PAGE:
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Technical Paper

A Computer Program for Calculating Properties of Equilibrium Combustion Products with Some Applications to I.C. Engines

1975-02-01
750468
A computer program which rapidly calculates the equilibrium mole fractions and the partial derivatives of the mole fractions with respect to temperature, pressure and equivalence ratio for the products of combustion of any hydrocarbon fuel and air is described. A subroutine is also given which calculates the gas constant, enthalpy, internal energy and the partial derivatives of these with respect to temperature, pressure and equivalence ratio. Some examples of the uses of the programs are also given.
Technical Paper

A Classification of Reciprocating Engine Combustion Systems

1974-02-01
741156
Obtaining and maintaining a stratified charge in a practical engine is a difficult problem. Consequently, many approaches have been proposed and reported in the scientific and patent literature. In attempting to assess the most profitable approach for future development work, it is important to group together similar approaches so that one can study their performance as a group. Making such a classification has the additional advantage of helping to standardize terminology used by different investigators. With this thought in mind, a literature study was made and a proposed classification chart prepared for the different engine combustion systems reported in the literature. For the sake of completeness, the finally proposed classification chart includes homogeneous combustion engines as well as heterogeneous combustion engines. Because of their similarity of combustion, rotary engines such as the Wankel engine are considered as “reciprocating” although gas turbines are not included.
Technical Paper

Mass Burning Rate in a Rotary Combustion Engine

1974-02-01
741089
This paper reports the mass-burning rate in a rotary combustion engine. The mass-burning rate is calculated through an iterative constituent and energy constraints during the combustion process. First approximation is obtained through the firing and motoring-pressure trace as recorded by an image-retaining oscilloscope and recorded subsequently by a polaroid camera. Effect of engine load, engine speed, relative (A/F) on the mass-burning rate and maximum heat release rate were studied. Three different type of fuels were used in the experimental test runs.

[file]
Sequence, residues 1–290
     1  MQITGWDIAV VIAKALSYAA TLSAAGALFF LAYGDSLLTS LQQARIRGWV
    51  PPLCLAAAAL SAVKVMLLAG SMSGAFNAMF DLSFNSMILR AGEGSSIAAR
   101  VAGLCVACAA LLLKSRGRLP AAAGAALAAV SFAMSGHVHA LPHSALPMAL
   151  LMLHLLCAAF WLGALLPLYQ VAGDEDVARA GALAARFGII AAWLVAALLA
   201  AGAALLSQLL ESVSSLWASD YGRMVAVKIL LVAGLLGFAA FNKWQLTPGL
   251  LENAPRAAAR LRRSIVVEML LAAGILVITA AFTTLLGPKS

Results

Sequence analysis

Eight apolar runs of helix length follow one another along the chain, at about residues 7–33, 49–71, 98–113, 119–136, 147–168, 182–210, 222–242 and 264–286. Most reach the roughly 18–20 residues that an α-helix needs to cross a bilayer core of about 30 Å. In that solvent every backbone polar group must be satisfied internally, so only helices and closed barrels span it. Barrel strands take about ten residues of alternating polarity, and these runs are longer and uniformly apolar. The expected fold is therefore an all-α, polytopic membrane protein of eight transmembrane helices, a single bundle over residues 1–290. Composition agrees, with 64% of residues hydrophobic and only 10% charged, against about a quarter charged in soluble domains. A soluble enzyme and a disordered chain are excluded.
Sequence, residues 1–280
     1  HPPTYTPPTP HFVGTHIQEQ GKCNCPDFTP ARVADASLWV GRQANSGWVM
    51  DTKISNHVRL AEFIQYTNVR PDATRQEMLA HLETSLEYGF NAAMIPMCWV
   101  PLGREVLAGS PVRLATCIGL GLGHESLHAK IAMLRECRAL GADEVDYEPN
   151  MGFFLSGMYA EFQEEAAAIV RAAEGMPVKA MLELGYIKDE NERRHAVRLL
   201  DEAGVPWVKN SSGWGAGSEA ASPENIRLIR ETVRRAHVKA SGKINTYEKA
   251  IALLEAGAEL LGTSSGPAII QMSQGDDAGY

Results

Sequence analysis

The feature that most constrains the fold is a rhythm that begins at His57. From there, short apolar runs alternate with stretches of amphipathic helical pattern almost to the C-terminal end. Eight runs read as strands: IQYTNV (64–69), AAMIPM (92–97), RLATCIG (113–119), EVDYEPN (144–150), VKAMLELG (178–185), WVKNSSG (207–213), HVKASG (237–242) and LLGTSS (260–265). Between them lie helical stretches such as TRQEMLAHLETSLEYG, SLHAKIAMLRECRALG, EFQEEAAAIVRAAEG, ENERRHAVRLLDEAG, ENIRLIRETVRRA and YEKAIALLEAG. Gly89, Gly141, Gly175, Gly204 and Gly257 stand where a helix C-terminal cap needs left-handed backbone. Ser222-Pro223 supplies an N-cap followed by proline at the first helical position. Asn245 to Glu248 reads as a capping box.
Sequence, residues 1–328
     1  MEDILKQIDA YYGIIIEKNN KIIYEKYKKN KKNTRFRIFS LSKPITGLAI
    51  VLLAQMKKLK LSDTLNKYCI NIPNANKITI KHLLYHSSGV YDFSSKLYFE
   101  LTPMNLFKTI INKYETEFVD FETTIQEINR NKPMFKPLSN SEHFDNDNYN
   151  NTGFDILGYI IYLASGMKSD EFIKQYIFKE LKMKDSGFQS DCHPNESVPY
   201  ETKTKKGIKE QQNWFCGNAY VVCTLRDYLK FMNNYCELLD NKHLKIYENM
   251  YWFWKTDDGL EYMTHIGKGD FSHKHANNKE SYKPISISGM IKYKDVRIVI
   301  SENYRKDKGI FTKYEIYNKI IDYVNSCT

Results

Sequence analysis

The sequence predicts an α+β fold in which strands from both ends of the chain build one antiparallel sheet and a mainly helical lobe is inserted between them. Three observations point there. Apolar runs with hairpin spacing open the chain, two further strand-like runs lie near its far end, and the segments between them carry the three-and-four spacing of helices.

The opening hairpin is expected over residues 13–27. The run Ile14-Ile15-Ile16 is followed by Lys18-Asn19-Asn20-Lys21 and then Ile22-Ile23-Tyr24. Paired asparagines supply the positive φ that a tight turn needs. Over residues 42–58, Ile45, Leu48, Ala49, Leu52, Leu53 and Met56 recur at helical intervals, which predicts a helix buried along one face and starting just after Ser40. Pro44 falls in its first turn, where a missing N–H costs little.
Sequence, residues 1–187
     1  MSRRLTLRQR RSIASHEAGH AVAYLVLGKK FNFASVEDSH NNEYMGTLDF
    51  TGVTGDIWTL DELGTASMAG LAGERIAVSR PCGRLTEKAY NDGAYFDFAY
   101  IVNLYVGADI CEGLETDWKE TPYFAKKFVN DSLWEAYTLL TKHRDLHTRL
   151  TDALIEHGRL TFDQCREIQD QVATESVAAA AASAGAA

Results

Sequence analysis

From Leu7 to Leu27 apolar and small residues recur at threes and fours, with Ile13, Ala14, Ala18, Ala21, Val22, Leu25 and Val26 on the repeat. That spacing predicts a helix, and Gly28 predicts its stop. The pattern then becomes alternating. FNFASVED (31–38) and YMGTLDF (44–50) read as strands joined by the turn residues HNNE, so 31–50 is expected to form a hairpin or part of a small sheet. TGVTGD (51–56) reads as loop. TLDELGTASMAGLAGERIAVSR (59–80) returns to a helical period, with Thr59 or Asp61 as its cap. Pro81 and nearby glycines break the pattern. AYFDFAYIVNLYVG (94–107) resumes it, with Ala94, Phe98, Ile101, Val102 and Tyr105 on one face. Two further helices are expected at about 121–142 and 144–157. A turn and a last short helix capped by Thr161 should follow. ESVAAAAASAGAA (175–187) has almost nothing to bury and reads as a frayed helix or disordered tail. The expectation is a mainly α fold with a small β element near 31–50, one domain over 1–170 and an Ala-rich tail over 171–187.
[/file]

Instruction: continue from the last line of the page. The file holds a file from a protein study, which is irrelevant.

Technical Paper

Cyclic Variations and Average Burning Rates in a S. I. Engine

1970-02-01
700064
A method of calculating mass burning rates for a single cylinder spark-ignition combustion engine based on experimentally obtained pressure-time diagrams was used to analyze the effects of fuel-air ratio, engine speed, spark timing, load, and cyclic cylinder pressure variations on mass burning rates and engine output. A study of the effects on mass burning rates by cyclic pressure changes showed the low pressure cycles were initially slow burning cycles. Although large cyclic cylinder pressure variations existed in the data the cyclic variations in imep were relatively small.
Technical Paper

Simulation of a Crankcase Scavenged, Two-Stroke, SI Engine and Comparisons with Experimental Data

1969-02-01
690135
A detailed mathematical model of the thermodynamic events of a crankcase scavenged, two-stroke, SI engine is described. The engine is divided into three thermodynamic systems: the cylinder gases, the crankcase gases, and the inlet system gases. Energy balances, mass continuity equations, the ideal gas law, and thermodynamic property relationships are combined to give a set of coupled ordinary differential equations which describe the thermodynamic states encountered by the systems of the engine during one cycle of operation. A computer program is used to integrate the equations, starting with estimated initial thermodynamic conditions and estimated metal surface temperatures. The program iterates the cycle, adjusting the initial estimates, until the final conditions agree with the beginning conditions, that is, until a cycle results.
Technical Paper

Fuel - Engine Research in Universities

1968-02-01
680508